DreamWork’s release of How to Train Your Dragon in 2010 was, to me, their “play it safe” idea. Something fun and cute that didn’t stray away from past family movie formulas. That was the first movie. How to Train your Dragon 2 completely changed the game, when suddenly everything got a lot more adult and the plot started taking unexpected twists and turns. We saw wars, death, and a whole new group of characters to the mix.

The Hidden World is the delightful conclusion to this beloved trilogy, where we see Hiccup (Jay Baruchel) leading the people of Berk to new, unexplored territory. After new threats surface that challenge their peaceful dragon utopia, Hiccup and Toothless must search out a mythical hidden world for dragons. Upon this journey their destinies change forever when Toothless falls in love with a Light Fury, and Hiccup contemplates a potential life without Toothless. As our character’s priorities alter, they begin to learn what is most important and precious in life.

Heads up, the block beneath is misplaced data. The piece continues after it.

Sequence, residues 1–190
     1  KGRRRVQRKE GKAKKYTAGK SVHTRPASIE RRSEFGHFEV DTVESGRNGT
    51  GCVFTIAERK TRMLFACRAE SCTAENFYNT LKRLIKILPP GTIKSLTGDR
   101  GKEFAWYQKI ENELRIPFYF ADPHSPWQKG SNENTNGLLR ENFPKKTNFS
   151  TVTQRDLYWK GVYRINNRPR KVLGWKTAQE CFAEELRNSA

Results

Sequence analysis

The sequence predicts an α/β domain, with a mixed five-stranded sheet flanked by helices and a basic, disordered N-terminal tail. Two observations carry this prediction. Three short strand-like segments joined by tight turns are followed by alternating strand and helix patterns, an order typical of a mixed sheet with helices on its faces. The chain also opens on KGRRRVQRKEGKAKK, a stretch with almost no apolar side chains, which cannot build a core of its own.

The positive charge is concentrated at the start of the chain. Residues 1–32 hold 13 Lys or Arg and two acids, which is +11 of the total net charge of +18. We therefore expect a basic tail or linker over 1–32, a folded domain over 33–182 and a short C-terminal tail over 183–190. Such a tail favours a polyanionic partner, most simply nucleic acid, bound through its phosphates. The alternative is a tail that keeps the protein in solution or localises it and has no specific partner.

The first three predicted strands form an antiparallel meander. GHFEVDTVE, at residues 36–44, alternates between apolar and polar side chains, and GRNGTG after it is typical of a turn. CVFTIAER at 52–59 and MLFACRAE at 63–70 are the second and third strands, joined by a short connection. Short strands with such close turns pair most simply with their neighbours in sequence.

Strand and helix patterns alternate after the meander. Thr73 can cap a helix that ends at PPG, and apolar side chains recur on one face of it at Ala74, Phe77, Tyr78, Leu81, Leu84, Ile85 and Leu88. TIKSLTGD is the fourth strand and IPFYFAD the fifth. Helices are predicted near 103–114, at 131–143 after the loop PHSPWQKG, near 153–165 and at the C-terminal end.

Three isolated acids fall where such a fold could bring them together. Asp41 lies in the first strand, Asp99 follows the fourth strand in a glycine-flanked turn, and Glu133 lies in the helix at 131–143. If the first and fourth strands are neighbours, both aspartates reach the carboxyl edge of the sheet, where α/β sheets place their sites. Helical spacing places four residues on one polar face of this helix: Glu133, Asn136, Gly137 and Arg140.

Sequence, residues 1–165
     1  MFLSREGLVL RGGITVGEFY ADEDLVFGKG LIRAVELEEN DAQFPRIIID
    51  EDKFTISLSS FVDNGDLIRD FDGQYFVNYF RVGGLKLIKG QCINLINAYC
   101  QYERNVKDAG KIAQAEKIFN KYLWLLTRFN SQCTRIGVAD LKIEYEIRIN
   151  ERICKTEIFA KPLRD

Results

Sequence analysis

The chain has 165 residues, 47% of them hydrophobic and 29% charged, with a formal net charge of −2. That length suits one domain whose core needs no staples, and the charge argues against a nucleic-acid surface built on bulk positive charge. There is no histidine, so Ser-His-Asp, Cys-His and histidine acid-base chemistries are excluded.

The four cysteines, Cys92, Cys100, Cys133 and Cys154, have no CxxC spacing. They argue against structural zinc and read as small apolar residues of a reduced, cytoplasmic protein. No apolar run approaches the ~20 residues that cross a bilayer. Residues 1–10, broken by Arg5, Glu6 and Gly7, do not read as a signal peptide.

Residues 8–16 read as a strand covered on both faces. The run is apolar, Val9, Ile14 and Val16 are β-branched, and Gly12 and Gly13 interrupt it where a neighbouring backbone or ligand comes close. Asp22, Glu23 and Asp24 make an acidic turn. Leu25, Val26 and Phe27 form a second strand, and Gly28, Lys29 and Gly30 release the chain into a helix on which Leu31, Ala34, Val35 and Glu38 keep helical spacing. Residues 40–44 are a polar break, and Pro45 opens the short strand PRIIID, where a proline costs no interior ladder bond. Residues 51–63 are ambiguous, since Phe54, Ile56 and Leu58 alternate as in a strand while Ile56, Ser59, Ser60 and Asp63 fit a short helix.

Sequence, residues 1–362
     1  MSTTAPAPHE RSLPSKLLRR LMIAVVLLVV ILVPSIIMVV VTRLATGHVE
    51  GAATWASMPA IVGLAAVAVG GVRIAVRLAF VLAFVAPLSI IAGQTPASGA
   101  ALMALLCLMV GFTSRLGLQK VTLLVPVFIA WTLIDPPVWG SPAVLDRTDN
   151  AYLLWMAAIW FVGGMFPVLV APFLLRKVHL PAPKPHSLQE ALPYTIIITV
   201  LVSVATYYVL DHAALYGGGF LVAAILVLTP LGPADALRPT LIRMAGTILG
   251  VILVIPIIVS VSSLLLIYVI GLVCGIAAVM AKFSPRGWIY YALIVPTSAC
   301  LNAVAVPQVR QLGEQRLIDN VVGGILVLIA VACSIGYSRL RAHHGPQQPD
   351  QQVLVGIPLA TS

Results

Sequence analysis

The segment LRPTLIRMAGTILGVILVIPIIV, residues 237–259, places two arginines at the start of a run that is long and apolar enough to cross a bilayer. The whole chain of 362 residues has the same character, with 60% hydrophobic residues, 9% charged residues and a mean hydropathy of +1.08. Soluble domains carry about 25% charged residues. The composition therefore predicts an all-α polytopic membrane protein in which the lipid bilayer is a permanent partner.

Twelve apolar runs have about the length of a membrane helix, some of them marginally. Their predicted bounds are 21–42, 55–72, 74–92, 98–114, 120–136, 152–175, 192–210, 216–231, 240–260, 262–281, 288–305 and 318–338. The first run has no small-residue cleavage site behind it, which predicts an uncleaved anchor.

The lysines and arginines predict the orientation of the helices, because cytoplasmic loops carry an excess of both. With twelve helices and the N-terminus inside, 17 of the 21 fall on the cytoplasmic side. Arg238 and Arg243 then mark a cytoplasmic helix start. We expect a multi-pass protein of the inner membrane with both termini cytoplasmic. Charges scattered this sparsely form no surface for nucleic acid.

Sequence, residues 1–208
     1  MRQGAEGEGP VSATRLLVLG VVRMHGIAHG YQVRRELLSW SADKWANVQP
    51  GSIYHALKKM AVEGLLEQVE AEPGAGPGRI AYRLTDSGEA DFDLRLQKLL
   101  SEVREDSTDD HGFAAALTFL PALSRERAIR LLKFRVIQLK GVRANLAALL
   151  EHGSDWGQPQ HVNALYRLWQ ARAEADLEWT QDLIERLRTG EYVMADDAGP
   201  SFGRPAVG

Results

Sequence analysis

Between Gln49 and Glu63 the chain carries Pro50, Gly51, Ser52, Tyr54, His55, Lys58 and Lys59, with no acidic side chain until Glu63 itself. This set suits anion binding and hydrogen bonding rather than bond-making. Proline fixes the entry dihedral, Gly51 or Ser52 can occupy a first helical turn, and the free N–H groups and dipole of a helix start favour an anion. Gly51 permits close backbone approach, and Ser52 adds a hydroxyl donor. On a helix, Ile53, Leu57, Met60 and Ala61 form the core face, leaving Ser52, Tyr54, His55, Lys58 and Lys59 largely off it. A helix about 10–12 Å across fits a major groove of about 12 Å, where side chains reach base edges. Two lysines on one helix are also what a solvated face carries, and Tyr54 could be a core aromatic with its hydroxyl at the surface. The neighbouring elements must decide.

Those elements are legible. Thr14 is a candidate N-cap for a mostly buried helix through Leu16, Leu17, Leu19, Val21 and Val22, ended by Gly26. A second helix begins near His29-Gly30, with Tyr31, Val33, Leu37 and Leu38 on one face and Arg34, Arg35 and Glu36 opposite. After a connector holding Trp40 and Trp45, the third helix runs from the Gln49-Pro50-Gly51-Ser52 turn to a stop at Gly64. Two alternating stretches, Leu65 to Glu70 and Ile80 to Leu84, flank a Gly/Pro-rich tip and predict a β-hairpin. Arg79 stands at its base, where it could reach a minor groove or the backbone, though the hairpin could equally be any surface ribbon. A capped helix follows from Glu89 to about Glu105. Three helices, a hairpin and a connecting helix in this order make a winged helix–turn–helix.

The Hidden World seemed to lack the storytelling prowess of How to Train Your Dragon 2. The second film was pretty ambitious in terms of ramping up the plot and keeping you at the edge of your seat, whereas The Hidden World tends to meander about more and is less focused. The Hidden World still ends on a positively strong note, albeit not as exciting or ambitious as its predecessor.

The main protagonists like Hiccup, Toothless, and Astrid all come full circle in terms of characterization and story arc. I’d be hard-pressed to find someone discontent with the direction these characters are taken and watching them develop throughout the flick is like a parent watching their children grow up.

Sadly, most of the side characters (particularly Gobber and Snotlout) seemed to stall out for the finale. The previous film saw everyone get more serious and change as characters, whereas in The Hidden World they seemed only to regress to the sole role of comedic fodder. They say some quippy lines here and there, but nothing impactful really happens to these individuals, which was a real shame. Heck, even the new characters introduced (like the new dastardly villain Grimmel and the female Light Fury) received a more well-rounded conclusion than those we started the series with.